Israel Targets Terror Labs Funded by U.S. Islamic Group

The Jerusalem Post reported on Monday that Israeli Defense Forces aircraft bombed suspected Hamas terror laboratories located at the Hamas-run Islamic University of Gaza (IUG).


According to the article, IUG professors were using the labs to build explosives for the terrorist organization. A BBC report confirmed that the IUG science building was the target of the Israeli retaliatory strikes.

Thus far unreported is that the IUG science and technology lab was financed and constructed with the assistance of the Dublin, Ohio-based Arab Student Aid International (ASAI). In fact, the IUG website has a page dedicated to ASAI’s ongoing contributions to the Hamas institution and specifically mentions the labs financed by the Ohio Islamic group. Additionally, the ASAI website promotes its assistance in creating the IUG science and technology center, which was completed in 2002.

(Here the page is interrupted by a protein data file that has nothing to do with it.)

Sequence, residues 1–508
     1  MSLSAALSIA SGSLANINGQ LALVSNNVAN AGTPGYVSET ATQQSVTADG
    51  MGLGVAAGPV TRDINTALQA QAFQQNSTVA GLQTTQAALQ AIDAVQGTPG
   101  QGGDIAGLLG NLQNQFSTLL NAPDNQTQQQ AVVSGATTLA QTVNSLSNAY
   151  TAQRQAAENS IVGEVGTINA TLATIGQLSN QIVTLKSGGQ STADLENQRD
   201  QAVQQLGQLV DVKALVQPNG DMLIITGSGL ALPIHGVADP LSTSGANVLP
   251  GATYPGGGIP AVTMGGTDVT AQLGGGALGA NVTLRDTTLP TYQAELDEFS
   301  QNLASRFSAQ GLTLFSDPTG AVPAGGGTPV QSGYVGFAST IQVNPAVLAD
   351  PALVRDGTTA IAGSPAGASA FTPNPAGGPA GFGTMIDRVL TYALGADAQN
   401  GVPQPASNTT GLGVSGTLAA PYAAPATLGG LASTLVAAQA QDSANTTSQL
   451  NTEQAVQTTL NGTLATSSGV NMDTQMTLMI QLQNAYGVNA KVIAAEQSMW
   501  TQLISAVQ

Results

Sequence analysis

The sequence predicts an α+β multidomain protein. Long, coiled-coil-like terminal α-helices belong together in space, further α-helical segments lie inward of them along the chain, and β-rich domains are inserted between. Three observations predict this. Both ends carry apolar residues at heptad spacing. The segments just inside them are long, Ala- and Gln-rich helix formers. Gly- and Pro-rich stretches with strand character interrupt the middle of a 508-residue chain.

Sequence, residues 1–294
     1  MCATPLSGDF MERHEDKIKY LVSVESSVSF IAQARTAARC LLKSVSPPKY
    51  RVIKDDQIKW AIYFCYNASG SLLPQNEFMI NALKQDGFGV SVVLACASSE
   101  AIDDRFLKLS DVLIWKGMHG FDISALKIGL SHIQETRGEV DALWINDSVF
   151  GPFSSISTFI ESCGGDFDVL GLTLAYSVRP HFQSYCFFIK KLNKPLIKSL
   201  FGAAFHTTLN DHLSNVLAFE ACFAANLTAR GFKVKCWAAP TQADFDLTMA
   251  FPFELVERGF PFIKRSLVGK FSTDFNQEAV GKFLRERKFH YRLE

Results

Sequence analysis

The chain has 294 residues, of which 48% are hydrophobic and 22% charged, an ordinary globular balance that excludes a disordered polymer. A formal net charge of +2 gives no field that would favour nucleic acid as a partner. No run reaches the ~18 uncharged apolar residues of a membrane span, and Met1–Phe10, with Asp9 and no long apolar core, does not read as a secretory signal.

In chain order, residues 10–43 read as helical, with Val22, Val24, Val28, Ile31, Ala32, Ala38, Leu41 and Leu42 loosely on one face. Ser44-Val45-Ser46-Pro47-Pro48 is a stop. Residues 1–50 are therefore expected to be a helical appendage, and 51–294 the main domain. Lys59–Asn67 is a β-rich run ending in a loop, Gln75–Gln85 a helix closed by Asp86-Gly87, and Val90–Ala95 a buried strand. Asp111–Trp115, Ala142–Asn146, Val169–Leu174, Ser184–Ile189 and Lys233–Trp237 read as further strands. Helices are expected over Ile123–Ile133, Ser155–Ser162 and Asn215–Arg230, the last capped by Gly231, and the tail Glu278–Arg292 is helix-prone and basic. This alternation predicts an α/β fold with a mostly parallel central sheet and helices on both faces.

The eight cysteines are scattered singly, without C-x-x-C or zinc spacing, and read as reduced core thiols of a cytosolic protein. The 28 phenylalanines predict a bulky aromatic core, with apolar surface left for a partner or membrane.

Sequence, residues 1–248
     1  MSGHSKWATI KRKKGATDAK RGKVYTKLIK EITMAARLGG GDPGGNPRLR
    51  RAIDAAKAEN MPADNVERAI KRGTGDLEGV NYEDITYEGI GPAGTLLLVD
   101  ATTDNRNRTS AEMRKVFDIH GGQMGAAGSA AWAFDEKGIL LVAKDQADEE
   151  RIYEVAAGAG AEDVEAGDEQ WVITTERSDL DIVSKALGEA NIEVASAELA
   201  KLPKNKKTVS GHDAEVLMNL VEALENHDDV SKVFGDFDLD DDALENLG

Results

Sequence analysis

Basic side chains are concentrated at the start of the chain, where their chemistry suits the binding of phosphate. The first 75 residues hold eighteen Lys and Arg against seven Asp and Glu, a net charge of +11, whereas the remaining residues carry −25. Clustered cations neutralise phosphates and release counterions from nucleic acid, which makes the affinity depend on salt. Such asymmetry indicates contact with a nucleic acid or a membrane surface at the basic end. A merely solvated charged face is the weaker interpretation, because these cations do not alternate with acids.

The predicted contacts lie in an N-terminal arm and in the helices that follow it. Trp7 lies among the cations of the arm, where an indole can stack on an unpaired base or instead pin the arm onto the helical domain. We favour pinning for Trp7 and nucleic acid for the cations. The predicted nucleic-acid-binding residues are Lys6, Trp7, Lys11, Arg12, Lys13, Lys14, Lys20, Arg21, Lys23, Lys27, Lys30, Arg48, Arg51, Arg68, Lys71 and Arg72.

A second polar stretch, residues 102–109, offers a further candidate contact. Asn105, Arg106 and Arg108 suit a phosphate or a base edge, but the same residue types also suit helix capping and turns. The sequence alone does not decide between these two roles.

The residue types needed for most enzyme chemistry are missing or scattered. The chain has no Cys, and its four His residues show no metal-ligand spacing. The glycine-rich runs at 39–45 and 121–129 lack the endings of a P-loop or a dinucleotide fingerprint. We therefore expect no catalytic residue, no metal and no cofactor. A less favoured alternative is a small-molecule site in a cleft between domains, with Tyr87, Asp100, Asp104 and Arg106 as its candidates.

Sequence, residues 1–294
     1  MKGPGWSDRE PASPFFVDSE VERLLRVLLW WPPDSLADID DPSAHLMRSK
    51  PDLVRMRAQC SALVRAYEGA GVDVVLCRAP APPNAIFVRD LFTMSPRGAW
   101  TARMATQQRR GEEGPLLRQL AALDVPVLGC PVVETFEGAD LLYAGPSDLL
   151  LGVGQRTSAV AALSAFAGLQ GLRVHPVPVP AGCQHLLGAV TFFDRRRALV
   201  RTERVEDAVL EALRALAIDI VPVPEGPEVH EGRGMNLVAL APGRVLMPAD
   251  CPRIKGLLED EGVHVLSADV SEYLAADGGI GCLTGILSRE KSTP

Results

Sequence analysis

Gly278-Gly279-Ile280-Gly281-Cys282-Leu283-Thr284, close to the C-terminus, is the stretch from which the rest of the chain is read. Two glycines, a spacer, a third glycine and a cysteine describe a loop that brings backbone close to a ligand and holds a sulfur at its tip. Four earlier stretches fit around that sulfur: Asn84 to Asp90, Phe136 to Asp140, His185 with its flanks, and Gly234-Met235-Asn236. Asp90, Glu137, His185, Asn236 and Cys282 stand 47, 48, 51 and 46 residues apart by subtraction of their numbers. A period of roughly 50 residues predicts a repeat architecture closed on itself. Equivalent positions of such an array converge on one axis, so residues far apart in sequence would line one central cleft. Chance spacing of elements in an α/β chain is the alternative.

In a previously published article I revealed ASAI’s extensive financial ties to the IUG, including direct cash payments to the Hamas school in addition to the facilities construction projects supported by ASAI. The Washington Post also revealed in April 2006 that ASAI had financed the Western education of a number of top Hamas leaders.

The organization’s primary benefactor is Prince Turki Ben Abdul Aziz, a former high-ranking Saudi government official and half-brother to King Abdullah. Prince Turki has lived in exile in Egypt since the 1970s following a highly-publicized marriage scandal, his 100+ entourage occupying the top three floors of the Cairo Ramses Hilton. The prince serves as ASAI’s chairman of the board, and the labs built by ASAI at the IUG bear his name.


The ties between Hamas and the IUG have been long established. The university was founded by Hamas leader Sheikh Ahmed Yasin, and many Hamas leaders hold faculty and administrative positions at the school.